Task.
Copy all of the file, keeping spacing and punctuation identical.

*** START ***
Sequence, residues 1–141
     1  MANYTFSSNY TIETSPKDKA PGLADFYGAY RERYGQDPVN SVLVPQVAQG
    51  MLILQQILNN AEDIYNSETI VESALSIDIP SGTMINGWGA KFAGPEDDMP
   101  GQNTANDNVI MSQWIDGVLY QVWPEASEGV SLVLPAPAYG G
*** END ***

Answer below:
Sequence, residues 1–141
     1  MANYTFSSNY TIETSPKDKA PGLADFYGAY RERYGQDPVN SVLVPQVAQG
    51  MLILQQILNN AEDIYNSETI VESALSIDIP SGTMINGWGA KFAGPEDDMP
   101  GQNTANDNVI MSQWIDGVLY QVWPEASEGV SLVLPAPAYG G